Talk to your children about swearing, urges sweary scientist

Swearing is good for you
Swearing is good for you
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Parents should talk to their children about swearing rather than pretend it does not happen, according to a leading scientist.

Parents should talk to their children about swearing rather than pretend it does not happen, according to a leading scientist.

Dr Emma Byrne, who is known as the Sweary Scientist after writing the book Swearing Is Good for You, said that parents who took a hard line on their children swearing would find in the long-run that their children swore more.

She likened the approach to that of studies that have shown that abstinence-only sex education programmes do not reduce the rates of teenage pregnancy.

"We should talk to children about swearing," Dr Byrne said.

"If they come home and say, 'That Samantha is a f****** bitch and she won't let me come to her f****** party' and you say 'I never want to hear that language out of your mouth again' they are going to go, 'You don't give a shit about how I feel'.

"If they hear you swear in traffic and you say, 'I never ever... don't use that language', they are going to go, 'mum's a massive shitting hypocrite'."

Dr Byrne, who was speaking at the Cheltenham Science Festival about swearing, said studies had examined adult responses to children swearing.

"They found that those families that say, 'You must not swear' and particularly those that threaten physical chastisement, their kids are the ones that swear the most when they are among their friends because it is the opportunity to let off all this emotional content they cannot do at home," she said.

"What the research shows is that by saying to your kids, 'I am not going to talk about this, but I am going to ignore the feelings that led you swear in the first place', you get kids who don't think you take their feelings seriously and you end with them getting their mates to teach them to swear."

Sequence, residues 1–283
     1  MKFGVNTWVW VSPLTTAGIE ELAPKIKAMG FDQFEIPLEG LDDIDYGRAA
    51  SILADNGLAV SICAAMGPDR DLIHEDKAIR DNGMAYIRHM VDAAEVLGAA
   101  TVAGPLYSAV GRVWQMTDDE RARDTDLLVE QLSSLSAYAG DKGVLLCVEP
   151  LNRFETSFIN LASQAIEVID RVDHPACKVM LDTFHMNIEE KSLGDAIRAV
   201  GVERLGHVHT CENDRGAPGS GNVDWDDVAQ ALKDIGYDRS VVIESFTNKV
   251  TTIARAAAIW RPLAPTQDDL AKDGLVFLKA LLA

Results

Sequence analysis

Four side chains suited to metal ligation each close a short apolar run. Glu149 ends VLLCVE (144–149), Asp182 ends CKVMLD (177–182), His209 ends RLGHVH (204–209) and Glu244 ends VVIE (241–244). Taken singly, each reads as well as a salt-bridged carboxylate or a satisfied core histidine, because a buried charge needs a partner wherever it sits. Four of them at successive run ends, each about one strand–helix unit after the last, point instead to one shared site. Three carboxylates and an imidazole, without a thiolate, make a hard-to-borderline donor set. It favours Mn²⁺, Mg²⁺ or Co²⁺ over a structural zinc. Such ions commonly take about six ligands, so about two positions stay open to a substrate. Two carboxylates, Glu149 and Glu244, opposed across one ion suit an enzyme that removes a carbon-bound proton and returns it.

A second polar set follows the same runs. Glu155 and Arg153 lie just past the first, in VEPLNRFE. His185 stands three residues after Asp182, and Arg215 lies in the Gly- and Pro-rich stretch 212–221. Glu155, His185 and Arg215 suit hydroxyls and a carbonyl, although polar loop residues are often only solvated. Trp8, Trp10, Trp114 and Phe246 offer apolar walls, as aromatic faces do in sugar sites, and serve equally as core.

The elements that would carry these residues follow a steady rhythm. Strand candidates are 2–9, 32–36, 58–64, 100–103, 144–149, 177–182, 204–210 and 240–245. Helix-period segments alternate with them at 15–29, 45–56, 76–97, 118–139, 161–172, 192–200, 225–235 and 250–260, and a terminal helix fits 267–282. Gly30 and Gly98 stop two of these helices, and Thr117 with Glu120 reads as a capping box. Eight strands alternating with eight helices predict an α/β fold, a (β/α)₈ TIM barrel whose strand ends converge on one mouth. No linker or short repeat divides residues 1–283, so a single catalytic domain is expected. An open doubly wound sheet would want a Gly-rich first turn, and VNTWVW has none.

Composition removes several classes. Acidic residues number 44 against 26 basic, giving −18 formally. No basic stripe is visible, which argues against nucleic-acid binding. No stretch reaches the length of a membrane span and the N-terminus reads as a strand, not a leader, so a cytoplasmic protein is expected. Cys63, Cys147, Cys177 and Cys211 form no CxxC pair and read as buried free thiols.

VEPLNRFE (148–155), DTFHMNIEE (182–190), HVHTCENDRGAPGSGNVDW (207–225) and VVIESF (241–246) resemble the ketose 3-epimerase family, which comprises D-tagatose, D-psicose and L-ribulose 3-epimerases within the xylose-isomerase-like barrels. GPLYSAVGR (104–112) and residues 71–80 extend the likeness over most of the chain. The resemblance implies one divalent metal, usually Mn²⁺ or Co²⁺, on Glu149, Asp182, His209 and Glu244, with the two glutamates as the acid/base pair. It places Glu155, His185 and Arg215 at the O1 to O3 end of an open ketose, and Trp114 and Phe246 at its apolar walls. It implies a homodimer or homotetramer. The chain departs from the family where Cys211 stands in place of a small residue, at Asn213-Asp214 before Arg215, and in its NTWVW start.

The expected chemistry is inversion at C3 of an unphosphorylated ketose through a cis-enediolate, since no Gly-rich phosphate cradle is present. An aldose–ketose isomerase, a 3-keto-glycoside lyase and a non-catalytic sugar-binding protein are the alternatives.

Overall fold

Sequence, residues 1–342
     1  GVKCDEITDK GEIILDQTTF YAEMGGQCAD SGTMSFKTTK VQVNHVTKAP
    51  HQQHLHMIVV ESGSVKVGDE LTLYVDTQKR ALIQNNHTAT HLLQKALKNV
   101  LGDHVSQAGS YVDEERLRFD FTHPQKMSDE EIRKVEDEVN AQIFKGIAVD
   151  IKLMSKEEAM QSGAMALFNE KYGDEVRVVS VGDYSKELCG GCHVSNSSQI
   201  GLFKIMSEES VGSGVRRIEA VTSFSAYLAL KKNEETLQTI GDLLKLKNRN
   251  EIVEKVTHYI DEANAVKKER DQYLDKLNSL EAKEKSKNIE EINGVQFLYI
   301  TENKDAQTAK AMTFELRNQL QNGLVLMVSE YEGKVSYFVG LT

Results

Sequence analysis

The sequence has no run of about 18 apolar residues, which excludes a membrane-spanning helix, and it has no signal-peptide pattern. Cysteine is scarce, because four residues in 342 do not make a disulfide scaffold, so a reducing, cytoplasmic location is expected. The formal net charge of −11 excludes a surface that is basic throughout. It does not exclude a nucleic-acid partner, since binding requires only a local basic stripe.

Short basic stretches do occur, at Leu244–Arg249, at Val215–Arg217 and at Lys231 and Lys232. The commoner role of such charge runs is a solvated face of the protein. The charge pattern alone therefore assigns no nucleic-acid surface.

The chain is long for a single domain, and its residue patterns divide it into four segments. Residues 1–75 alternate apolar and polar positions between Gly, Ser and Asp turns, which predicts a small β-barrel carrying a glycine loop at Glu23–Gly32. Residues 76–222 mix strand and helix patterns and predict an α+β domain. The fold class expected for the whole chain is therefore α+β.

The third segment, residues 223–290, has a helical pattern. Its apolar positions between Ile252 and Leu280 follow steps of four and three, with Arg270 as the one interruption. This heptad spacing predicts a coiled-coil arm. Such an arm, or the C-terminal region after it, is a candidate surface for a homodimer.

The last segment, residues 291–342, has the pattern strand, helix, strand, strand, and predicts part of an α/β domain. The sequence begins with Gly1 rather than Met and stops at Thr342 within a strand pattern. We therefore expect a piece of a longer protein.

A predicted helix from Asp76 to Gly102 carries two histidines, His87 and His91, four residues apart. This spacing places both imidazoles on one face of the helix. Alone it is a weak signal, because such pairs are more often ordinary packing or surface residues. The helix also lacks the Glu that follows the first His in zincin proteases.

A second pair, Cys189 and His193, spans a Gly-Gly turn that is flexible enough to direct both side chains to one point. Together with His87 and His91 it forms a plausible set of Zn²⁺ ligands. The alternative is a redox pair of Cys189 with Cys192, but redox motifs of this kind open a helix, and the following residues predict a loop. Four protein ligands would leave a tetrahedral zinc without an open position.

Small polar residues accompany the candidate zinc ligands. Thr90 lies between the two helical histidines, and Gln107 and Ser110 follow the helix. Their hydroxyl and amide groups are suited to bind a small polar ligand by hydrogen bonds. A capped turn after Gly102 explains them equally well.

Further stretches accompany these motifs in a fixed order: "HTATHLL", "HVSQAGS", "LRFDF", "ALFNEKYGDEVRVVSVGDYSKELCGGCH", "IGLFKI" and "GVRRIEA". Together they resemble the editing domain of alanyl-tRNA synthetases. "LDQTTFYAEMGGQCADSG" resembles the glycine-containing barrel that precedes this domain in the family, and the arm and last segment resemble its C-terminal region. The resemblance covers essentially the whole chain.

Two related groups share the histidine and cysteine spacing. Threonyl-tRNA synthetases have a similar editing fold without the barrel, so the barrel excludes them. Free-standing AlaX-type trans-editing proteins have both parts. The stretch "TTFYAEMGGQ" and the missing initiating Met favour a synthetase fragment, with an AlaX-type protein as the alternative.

Dr Byrne said that it did not mean parents should sit their children down with a copy of Roger's Profanisaurus.

"Everybody's kids are different, and everybody's parenting styles are different, but you do your kids no favours by saying that it just doesn't exist, and we don't talk about that," she said.

"It's about as useful as the 'Just say no' approach to sex education and abstinence-only sex education, because it doesn't stop people getting pregnant.

"I am just going to bore my daughter with science about swearing until the point she insists in not doing it because she's terrified of getting another lecture.

"An English teacher once told me that it is a real impediment to her that parents say you cannot talk about swearing with these kids because there are really important moments in literature where language is used in a strong way because that is the way that people would speak.

"There are some people who are going to believe I am a terrible parent.

"But being data driven I know that just saying we are not going to talk about swearing at all just isn't going to work."

Dr Byrne said studies had shown that the power of swearing could be measured in an increased heart rate and reduction in pain.

"There is a test where you can keep your hand in iced water usually for half as long again if you are swearing than if you not," she said.

"If you wire people up to skin response monitors or heart rate monitors you can see there is a very different emotional state when they are swearing."